Androgen Regulation of Prostate Cancer Gene Fusions
Recurrent chromosomal rearrangements were not well characterized in epithelial malignancies until the recent discovery of recurrent fusions of TMPRSS2 and ETS transcription factors in prostate cancer. Since the initial discovery of the TMPRSS2:ETS gene fusions, multiple other 5′ and 3′ fusion partners have been discovered, which led to the identification of five different classes of ETS gene rearrangements to date. These rearrangements demonstrate variable response to androgen stimulation, and ultimately, may help tailor androgen-deprivation therapy for patients with advanced prostate cancer. Initial studies have demonstrated that ETV1 overexpression mediates invasion in prostate cell lines, though secondary factors may be required for the development of frank malignancy. TMPRSS2:ETS gene fusions may confer a more aggressive phenotype, and fusion status has been linked to adverse clinical factors, such as higher tumor stage and nodal metastases. ETS factor fusions are likely an important contributor to human prostate cancer development and progression, though more research will be needed to elucidate their regulation by androgen and clinical functionality. Ultimately, identification of distinct gene fusion status may allow for risk stratification and tailored treatment of patients with prostate cancer.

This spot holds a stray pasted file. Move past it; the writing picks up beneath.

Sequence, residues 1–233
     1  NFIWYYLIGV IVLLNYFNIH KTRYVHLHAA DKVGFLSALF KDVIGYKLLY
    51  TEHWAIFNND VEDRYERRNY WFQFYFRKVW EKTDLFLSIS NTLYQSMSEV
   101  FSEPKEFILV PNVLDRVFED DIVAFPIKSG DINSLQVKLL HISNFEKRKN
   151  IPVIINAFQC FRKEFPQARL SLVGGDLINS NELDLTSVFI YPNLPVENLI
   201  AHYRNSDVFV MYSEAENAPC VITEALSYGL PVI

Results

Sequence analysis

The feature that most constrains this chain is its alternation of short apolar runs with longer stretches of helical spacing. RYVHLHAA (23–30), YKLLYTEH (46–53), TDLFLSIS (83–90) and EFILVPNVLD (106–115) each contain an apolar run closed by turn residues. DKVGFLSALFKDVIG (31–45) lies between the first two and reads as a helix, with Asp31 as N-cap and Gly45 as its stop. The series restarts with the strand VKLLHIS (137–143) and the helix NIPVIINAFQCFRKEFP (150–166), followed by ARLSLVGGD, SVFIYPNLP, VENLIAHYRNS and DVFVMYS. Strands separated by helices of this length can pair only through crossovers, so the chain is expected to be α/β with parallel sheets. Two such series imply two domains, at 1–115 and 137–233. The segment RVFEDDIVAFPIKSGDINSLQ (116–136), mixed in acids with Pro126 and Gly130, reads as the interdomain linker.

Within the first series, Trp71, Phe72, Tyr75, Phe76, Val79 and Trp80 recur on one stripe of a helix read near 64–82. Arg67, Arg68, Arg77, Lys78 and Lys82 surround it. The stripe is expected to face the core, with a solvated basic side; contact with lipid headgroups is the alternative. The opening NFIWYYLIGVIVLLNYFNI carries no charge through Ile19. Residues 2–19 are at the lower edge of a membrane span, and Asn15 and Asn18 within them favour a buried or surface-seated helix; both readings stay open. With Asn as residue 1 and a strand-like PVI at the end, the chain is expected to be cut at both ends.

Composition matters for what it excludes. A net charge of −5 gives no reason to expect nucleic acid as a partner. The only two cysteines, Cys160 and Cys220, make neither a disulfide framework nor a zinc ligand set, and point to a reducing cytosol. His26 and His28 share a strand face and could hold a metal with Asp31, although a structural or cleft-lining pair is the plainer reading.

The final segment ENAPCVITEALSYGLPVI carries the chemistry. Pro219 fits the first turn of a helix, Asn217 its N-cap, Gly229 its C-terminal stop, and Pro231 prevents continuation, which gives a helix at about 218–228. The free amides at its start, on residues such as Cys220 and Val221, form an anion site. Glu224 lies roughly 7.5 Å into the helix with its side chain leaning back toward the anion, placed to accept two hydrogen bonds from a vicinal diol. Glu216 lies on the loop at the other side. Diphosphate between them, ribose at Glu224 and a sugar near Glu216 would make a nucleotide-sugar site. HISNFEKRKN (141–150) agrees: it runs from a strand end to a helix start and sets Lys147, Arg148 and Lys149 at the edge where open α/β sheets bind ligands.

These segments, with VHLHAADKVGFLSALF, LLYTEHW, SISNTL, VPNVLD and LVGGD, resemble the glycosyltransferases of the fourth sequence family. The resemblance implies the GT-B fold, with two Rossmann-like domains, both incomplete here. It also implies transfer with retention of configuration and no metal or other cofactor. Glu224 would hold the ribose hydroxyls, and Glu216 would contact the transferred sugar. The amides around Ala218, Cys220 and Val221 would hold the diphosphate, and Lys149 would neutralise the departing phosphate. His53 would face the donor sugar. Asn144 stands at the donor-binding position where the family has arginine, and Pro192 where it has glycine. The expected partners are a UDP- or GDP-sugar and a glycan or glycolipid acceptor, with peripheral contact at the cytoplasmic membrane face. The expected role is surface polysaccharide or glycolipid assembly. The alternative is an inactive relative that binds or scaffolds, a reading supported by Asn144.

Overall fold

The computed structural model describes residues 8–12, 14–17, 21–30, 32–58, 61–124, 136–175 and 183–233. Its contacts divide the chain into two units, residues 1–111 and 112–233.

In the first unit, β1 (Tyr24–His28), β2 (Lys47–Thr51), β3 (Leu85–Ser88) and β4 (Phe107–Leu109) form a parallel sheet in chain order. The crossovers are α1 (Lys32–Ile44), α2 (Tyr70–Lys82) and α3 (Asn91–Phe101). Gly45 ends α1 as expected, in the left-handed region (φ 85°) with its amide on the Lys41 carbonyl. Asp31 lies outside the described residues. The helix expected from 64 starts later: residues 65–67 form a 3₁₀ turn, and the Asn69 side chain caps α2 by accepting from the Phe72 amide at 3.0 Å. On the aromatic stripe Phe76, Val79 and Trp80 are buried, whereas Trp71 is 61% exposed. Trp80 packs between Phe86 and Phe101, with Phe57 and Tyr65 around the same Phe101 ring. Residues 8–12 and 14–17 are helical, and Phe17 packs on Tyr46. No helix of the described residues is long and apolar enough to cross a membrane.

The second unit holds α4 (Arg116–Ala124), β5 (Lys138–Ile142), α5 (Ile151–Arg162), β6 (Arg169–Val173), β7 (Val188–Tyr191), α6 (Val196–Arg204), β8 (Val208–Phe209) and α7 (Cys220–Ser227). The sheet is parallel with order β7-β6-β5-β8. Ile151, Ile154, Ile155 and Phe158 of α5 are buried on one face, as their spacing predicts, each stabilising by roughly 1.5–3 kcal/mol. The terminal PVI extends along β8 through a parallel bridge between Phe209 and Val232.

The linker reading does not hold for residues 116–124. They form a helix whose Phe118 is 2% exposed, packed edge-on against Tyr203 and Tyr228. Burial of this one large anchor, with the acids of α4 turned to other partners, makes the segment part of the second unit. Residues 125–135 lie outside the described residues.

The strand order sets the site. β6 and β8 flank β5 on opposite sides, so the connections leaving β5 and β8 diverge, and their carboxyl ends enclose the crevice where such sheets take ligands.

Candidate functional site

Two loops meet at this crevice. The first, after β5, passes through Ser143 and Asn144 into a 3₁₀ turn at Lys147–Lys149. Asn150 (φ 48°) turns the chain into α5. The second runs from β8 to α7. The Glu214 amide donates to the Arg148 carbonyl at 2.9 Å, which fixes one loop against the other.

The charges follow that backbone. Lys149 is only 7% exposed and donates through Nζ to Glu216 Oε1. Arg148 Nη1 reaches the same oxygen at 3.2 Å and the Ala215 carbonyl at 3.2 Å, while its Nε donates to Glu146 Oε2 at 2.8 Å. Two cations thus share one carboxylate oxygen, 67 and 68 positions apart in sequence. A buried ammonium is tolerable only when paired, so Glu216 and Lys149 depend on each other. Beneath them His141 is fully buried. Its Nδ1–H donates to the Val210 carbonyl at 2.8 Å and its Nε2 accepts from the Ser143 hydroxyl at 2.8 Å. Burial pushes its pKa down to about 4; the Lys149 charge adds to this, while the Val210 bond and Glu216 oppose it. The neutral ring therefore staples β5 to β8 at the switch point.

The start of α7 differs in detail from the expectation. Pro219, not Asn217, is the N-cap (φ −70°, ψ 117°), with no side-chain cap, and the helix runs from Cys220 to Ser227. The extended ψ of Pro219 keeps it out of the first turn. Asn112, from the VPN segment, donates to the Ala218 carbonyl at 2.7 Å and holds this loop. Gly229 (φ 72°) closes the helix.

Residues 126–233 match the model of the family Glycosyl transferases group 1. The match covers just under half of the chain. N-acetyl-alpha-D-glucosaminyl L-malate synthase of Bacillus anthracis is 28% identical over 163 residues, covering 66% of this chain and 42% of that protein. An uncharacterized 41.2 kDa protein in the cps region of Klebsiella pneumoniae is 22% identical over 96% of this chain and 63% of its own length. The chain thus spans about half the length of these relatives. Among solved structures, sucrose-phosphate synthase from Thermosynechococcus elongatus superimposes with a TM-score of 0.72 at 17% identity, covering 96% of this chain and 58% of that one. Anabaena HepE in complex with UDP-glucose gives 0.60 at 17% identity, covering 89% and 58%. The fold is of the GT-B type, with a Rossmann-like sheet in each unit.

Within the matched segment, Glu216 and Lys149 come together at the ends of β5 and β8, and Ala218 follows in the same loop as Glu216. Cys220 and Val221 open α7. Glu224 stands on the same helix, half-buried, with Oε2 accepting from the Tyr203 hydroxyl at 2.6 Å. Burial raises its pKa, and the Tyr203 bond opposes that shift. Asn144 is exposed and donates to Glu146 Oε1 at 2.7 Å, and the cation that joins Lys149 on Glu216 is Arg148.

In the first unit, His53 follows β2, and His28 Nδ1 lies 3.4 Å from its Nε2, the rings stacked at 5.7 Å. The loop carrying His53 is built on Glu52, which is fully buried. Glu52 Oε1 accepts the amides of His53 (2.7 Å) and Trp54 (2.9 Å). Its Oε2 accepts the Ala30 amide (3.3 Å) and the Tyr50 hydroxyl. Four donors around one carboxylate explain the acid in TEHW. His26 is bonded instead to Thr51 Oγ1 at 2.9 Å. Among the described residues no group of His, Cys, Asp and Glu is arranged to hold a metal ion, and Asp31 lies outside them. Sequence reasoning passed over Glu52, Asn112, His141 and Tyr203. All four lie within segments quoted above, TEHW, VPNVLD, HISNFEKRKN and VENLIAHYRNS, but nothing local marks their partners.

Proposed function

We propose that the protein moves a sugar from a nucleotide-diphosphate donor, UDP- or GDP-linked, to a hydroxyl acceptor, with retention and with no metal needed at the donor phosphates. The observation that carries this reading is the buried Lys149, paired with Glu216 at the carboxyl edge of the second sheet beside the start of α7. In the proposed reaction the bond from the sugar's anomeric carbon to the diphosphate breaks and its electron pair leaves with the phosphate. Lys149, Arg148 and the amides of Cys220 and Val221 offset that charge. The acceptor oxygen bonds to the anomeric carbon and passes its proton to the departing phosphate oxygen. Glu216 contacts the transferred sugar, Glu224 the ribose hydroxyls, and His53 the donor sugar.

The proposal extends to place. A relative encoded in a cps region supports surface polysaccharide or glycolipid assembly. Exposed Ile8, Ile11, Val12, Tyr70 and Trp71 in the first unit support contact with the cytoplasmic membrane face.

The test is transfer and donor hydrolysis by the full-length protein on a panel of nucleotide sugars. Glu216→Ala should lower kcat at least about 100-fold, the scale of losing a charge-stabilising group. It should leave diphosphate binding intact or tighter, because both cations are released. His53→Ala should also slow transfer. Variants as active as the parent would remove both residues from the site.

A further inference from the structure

KeywordsProstate Cancer Androgen Receptor Gene Fusion Abiraterone Acetate Seminal Vesicle Invasion
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